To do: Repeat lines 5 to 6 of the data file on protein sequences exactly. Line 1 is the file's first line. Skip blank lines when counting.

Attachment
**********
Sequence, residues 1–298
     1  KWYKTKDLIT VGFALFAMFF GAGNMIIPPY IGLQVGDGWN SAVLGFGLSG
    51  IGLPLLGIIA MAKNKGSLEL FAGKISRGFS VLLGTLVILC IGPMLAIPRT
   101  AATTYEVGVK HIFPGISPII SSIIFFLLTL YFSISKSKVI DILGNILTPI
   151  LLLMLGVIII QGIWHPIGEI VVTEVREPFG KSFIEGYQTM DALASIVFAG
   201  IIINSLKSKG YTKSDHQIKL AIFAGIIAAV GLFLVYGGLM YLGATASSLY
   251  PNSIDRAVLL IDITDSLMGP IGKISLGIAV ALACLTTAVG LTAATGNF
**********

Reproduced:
   151  LLLMLGVIII QGIWHPIGEI VVTEVREPFG KSFIEGYQTM DALASIVFAG
   201  IIINSLKSKG YTKSDHQIKL AIFAGIIAAV GLFLVYGGLM YLGATASSLY